To meet this situation, some hundred or more corporations of varying size have now adopted the innovation of issuing comprehensive periodic reports not only to stockholders but to their employees as well. In simple and nontechnical language, balance sheets and profit-and-loss statements are made intelligible to the layman, with the sales dollar broken down into its component elements of cost for materials, labor, depreciation, and so forth. Only thus can be dissipated the myth which agitators and demagogues have used so assiduously: that industry’s earnings are ‘excessive’ and that in their distribution the worker does not receive his proper share.

In view of the distortion to which industrial statistics are subjected these days, it is most important that the true facts of the case be presented in frank and simple fashion by business itself to those who have a direct interest in the results. In this day practically all figures on industrial operations, supplied as they are in detailed reports to government agencies, are now matters of public record. It is highly desirable, therefore, that employees learn exact facts at first hand, intelligently interpreted by the company itself, rather than that they should receive a series of cold accounting statements or garbled, inaccurate, and exaggerated misinformation.

Confidence between management and men and women in the shop and office, essential if the new obligation of trusteeship is to be properly discharged, cannot be created in an atmosphere other than that of candid and complete frankness. But this wider dissemination of information among employees, important as it is, can never bridge, by itself, the gulf of misunderstanding. Hostility and recrimination are not conducive to a spirit of coöperation.

While the principle of collective bargaining is now a permanent part of our industrial procedure, the method of its application would appear to be in need of improvement. we must go back to the lessons learned in forty years of British experience. Disputes must be kept localized, and not referred to distant tribunals; equitable adjustments can be reached only on the basis of intimate contact with the actual facts, not a legalistic record of mere charges, refutations, and counter-charges. They must be confined directly to the parties at interest, and safeguarded against the interference of politicians who seek to gain some partisan advantage. And, above all, they must be kept out of the hands of lawyers who profit from turmoil. Had these factors been present in our mediation machinery, there would have been no loss of more than 93 million man-days of work in the past five years, nor would industry and business have been disrupted to the extent of some 7 billion dollars — a heavy burden to a national economy that had not yet. emerged from its convalescence stage.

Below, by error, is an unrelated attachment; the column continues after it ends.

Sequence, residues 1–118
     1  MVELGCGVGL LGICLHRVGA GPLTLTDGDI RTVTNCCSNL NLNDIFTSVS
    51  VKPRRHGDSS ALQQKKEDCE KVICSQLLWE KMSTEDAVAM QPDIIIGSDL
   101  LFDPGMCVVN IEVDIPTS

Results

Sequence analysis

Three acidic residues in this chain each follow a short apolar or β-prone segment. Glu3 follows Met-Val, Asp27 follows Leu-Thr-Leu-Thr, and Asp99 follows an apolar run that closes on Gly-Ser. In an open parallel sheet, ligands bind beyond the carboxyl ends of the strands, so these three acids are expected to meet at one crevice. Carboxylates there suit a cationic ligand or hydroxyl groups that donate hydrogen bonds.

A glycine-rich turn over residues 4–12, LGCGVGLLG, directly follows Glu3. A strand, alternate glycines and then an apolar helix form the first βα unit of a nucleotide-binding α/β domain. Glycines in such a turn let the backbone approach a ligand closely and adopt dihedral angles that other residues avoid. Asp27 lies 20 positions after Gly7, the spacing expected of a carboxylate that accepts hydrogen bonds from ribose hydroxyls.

Industrial peace can be achieved only as there is created a genuine mutuality of interest based upon fair dealing strictly adhered to, without the use of force or coercion.

This is the goal sought under the National Labor Relations Act. While many provisions of this piece of legislation are widely criticized as being discriminatory and obstructing rather than furthering industrial peace, yet it does mark a long forward step. As experience is gained and as mutual confidence between labor and management replaces present suspicion and distrust, its weaknesses will be corrected not. merely by amendment, but through the process of continuous consultation.

The present surface indications of controversy and strife are merely birth pains, completely deceptive as symptoms of what is really taking place. A new order of labor relations is emerging; but as yet this new order has been obscured by dust clouds of words from demagogues and radical agitators who have sought to extract personal advantage from the existing confusion. There is little doubt that, once the commotion subsides, those who have the interests of labor sincerely at heart and those who, no less sincerely, guide the destinies of industry will be found nearer to fundamental agreement and accord than they have ever been before.

On the one hand, responsible labor leadership — as contrasted with those leaders who advocate a philosophy of class hatred — upholds the principles on which rests our free economic system. On the other hand, the new generation of business leaders, trained in the profession of scientific management, recognizes the essential dignity of man as a human being and strives to increase both his standard of living and his productiveness by making him a supervisor rather than a slave of the machine.

This new concept of the mutuality of interest, this goal of constructive collaboration, is foremost among the aims of enlightened industrial management. No one minimizes the difficulties that still lie ahead. Many clearly antisocial practices, such as sitdown strikes, lockouts, production sabotage, gangster methods, and labor racketeering must be eliminated. But honest and sincere efforts toward constructive industrial coöperation cannot help being productive of the harmony so earnestly desired.

I have cited the labor situation, not in any spirit of criticism, but merely to illustrate the difficulties that confront progressive management today as it attempts to meet and discharge its own enlarged social concepts. Industry is sincerely desirous of steadily improving conditions of employment, of lessening the factors that make for job insecurity, of providing continuity of employment to safeguard the economic future for its employees.